Budding entrepreneurs looking for a good business education don’t need to escape Australia to do so, according to new figures, with five of our universities making it into the world’s top 100.
According to the Academic Ranking of World Universities, the University of Melbourne, the Australian National University, the University of Queensland, the University of Sydney and the University of Western Australia are among the world’s best.
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But as our universities continue to rise through the ranks, how are business students faring? What are Australian universities doing to help create the next generation of entrepreneurs?
StartupSmart did some digging to highlight the major trends you should be aware of:
1. A degree is more desirable than ever
According to the Australian Council for Education Research, which analysed census data, university enrolments between 2006 and 2011 experienced their fastest growth rate in 20 years.
ACER’s research briefing, which analyses data from the 2011 census, aims to provide insight into the characteristics of Australian university students and how they have changed.
The analysis reveals the number of university students grew by 25.1% between 2006 and 2011, taking the total number from 745,445 to 932,436.
This increase contrasts with the previous five-year period when the university student population grew by only 3.2%.
No other census period in the past 20 years has recorded the rate of growth identified in this new census data.
The research briefing found the growth was recorded in all age groups, not just high school graduates.
After a decline in the number of students aged 25 and over between 2001 and 2006, the growth in mature-age students from 2006 to 2011 was as large as the growth in students aged below 25.
2. Older students are more likely to start-up
Afreen Huq, a lecturer at RMIT University in Melbourne, is the program director of the university’s Bachelor of Business (Entrepreneurship) course.
According to Huq, there has been no significant change in the number of students enrolling in the course, despite controversial changes to its structure.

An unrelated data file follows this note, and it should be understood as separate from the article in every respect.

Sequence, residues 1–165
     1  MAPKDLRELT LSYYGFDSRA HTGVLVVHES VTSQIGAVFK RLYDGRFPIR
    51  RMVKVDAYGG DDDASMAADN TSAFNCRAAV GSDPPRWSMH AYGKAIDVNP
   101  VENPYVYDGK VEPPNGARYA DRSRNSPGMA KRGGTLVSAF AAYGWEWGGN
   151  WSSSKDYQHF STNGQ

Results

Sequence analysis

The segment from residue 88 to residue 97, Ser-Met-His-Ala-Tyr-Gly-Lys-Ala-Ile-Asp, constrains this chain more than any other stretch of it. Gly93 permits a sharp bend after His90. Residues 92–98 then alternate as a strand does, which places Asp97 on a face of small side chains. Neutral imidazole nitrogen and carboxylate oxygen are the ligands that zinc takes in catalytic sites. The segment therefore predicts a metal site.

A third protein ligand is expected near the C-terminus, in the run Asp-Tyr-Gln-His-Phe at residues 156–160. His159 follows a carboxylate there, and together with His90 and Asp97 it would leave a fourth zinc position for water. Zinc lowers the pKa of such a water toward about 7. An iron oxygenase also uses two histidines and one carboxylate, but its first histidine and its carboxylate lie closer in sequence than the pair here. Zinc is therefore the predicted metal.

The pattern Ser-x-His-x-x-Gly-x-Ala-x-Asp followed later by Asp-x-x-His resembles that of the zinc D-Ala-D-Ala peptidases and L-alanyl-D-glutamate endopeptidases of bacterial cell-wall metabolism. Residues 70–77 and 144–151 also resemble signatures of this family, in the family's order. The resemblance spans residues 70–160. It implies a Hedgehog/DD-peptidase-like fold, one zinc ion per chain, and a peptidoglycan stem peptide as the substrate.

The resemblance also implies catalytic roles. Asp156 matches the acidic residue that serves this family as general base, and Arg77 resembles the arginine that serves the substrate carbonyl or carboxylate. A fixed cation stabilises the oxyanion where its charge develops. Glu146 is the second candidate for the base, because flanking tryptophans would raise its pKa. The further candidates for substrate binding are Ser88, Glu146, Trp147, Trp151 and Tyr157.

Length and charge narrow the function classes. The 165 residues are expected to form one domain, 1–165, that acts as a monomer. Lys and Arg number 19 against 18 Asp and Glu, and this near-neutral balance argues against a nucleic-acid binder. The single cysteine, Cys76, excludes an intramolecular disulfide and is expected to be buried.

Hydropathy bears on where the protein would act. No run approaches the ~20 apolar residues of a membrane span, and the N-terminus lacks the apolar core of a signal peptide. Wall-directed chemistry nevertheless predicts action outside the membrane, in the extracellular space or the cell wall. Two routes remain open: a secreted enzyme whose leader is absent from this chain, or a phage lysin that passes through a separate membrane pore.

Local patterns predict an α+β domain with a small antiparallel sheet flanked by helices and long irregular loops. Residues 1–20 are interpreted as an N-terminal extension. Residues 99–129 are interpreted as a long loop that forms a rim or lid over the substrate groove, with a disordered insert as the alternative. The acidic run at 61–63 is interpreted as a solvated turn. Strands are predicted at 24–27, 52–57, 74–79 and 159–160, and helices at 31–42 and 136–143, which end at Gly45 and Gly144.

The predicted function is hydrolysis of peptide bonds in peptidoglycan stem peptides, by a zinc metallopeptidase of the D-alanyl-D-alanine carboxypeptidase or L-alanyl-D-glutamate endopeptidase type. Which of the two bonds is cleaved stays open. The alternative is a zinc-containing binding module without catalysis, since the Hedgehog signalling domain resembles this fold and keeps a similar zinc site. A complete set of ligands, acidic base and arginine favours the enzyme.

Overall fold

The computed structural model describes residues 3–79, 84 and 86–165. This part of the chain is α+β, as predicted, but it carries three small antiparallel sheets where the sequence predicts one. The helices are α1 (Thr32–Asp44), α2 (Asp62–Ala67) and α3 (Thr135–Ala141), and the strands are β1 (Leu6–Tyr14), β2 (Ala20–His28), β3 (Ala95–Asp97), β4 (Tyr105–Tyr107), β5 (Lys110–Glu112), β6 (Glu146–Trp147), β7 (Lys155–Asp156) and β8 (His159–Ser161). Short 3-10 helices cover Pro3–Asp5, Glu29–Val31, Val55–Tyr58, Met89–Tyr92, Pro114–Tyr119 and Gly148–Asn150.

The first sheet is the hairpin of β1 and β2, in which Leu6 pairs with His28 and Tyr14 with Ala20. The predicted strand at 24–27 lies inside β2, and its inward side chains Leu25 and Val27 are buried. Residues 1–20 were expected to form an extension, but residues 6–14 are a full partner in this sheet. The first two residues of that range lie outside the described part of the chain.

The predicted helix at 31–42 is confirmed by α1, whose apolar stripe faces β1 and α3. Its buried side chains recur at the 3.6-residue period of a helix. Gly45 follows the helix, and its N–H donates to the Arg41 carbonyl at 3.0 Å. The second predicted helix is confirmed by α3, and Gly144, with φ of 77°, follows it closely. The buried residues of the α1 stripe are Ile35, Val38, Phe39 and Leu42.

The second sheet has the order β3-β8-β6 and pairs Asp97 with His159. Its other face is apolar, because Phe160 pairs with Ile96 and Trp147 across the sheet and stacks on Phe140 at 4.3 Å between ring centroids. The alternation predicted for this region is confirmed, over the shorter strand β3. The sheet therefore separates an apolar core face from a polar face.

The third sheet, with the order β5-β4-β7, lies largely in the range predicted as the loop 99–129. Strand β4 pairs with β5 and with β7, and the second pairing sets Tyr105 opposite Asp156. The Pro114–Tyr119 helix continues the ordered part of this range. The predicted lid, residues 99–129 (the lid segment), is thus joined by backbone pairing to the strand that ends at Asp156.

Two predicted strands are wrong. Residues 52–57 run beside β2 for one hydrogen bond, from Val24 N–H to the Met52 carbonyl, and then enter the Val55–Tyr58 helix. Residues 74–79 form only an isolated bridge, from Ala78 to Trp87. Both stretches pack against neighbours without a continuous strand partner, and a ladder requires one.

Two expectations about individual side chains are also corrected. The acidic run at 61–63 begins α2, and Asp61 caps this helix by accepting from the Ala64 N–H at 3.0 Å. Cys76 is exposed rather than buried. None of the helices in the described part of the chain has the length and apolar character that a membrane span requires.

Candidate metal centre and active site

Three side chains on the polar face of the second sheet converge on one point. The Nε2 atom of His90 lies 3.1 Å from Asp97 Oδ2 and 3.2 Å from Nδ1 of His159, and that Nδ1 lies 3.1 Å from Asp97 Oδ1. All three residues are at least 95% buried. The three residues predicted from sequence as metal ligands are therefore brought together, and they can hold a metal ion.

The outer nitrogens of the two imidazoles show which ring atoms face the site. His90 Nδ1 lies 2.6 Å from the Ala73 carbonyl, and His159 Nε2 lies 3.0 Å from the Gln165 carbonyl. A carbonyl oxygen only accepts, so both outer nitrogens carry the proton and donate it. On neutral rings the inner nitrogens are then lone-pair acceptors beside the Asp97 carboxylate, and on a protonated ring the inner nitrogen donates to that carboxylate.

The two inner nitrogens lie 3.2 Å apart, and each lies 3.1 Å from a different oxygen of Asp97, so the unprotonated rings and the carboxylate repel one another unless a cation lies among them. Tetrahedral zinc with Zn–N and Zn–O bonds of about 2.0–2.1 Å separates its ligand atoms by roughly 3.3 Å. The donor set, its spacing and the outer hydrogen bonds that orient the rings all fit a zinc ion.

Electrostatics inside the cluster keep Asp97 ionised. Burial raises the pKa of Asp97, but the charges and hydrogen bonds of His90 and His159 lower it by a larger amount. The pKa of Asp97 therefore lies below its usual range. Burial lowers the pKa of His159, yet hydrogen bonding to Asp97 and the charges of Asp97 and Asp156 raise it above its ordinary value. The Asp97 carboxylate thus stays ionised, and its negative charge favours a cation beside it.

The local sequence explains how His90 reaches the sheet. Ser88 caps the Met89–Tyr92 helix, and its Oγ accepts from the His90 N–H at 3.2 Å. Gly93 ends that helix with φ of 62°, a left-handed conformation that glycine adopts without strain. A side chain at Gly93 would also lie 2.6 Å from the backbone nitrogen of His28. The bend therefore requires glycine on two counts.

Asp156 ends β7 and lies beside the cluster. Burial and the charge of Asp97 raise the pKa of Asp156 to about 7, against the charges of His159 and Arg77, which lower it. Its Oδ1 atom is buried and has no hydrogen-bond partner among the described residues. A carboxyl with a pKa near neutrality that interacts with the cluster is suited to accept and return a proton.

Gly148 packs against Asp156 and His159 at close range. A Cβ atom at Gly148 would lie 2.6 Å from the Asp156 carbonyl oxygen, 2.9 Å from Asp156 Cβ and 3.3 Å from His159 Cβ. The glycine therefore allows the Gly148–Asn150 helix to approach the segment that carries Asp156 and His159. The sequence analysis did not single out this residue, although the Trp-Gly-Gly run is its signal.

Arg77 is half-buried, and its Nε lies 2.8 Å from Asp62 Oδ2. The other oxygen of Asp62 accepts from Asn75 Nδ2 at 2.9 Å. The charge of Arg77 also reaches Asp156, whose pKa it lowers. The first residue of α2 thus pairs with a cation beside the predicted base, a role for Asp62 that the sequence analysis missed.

“In terms of students wanting to enrol, the number varies from year to year but it’s always anything above 200 or 250. In 2010, we had 700 applications,” Huq says.
“I guess with the introduction of the common Bachelor of Business, it’s across business. It’s not just entrepreneurship. Every single thing has been put under the same [banner].”
“It was only introduced from September 1, 2012, so it’s a bit too early to make projections [about its success].”
However, Huq is seeing a clear shift with regard to the type of students who launch businesses as a result of their education.
“In our program, about 60% of our students go and find a job with an employer,” she says.
“About 20% of our students actually do start up-businesses. The remaining percentage does something else.”
“Some students are already in business while in the program, and those are the ones that continue with their endeavour.”
“They came back [to university] to do the study – they’re the ones that tend to start their own business. They tend to be older and more experienced.”
“The ones that come into the program as fresh high school leavers tend to go into a job.”
Huq says students don’t face any pressure from the university to go and start a business.
“What we encourage people to do is to take a more pragmatic approach in terms of how prepared you are, and the networks and the experiences you have,” she says.
“Finding a job in the industry that interests a particular student, with a view to starting up a business there in the next couple of years, is perceived to be the right way.”
“It’s something they decide on their own after understanding what is required of them.”
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